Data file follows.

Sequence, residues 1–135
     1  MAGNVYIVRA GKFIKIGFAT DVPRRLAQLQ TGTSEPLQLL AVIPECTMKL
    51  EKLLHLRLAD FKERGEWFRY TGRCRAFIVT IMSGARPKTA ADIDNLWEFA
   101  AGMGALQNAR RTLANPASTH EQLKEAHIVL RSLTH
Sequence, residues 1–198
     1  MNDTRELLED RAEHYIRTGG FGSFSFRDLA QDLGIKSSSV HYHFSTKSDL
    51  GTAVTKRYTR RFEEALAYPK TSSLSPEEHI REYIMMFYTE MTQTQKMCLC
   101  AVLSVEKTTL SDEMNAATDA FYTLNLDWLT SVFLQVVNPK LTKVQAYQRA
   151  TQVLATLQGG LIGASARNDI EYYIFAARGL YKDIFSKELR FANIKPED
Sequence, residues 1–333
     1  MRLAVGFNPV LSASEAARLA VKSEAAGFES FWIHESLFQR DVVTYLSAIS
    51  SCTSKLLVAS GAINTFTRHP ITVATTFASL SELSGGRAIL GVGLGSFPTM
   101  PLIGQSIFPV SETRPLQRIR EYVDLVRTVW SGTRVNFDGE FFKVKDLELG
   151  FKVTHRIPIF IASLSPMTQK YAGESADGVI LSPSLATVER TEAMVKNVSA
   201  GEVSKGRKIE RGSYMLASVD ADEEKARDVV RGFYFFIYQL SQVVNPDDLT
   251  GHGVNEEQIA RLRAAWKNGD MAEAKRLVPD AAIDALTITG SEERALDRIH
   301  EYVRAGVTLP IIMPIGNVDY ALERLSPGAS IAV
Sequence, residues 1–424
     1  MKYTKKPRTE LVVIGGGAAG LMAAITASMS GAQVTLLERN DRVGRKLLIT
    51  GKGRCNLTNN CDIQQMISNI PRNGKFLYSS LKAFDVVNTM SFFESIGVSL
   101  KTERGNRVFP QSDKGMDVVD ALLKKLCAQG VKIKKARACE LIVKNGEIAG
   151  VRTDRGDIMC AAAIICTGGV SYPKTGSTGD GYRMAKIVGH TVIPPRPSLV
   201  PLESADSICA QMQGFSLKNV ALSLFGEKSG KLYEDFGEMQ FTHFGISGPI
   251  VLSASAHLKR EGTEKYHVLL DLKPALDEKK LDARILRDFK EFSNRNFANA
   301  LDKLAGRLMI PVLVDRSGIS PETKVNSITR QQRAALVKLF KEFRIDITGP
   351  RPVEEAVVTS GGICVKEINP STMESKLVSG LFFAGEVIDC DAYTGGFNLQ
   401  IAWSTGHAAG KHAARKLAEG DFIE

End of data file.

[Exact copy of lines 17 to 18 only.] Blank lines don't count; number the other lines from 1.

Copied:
   301  EYVRAGVTLP IIMPIGNVDY ALERLSPGAS IAV
Sequence, residues 1–424